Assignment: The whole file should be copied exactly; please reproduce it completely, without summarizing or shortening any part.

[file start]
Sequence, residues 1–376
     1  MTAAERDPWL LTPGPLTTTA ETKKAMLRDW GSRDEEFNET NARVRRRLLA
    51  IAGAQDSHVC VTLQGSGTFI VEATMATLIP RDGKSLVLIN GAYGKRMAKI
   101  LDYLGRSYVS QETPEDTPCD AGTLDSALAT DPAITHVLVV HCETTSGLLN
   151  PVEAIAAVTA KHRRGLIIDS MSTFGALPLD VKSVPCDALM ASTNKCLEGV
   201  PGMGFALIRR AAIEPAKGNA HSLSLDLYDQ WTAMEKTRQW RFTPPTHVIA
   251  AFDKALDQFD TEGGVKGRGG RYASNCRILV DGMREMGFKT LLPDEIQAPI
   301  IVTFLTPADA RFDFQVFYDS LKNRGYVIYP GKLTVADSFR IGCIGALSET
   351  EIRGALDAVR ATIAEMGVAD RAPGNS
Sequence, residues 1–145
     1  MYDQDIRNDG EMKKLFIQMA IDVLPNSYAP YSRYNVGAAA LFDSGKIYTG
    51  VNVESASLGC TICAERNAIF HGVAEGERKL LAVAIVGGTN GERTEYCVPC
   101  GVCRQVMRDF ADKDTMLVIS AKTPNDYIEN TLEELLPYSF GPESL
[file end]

Sequence, residues 1–376
     1  MTAAERDPWL LTPGPLTTTA ETKKAMLRDW GSRDEEFNET NARVRRRLLA
    51  IAGAQDSHVC VTLQGSGTFI VEATMATLIP RDGKSLVLIN GAYGKRMAKI
   101  LDYLGRSYVS QETPEDTPCD AGTLDSALAT DPAITHVLVV HCETTSGLLN
   151  PVEAIAAVTA KHRRGLIIDS MSTFGALPLD VKSVPCDALM ASTNKCLEGV
   201  PGMGFALIRR AAIEPAKGNA HSLSLDLYDQ WTAMEKTRQW RFTPPTHVIA
   251  AFDKALDQFD TEGGVKGRGG RYASNCRILV DGMREMGFKT LLPDEIQAPI
   301  IVTFLTPADA RFDFQVFYDS LKNRGYVIYP GKLTVADSFR IGCIGALSET
   351  EIRGALDAVR ATIAEMGVAD RAPGNS
Sequence, residues 1–145
     1  MYDQDIRNDG EMKKLFIQMA IDVLPNSYAP YSRYNVGAAA LFDSGKIYTG
    51  VNVESASLGC TICAERNAIF HGVAEGERKL LAVAIVGGTN GERTEYCVPC
   101  GVCRQVMRDF ADKDTMLVIS AKTPNDYIEN TLEELLPYSF GPESL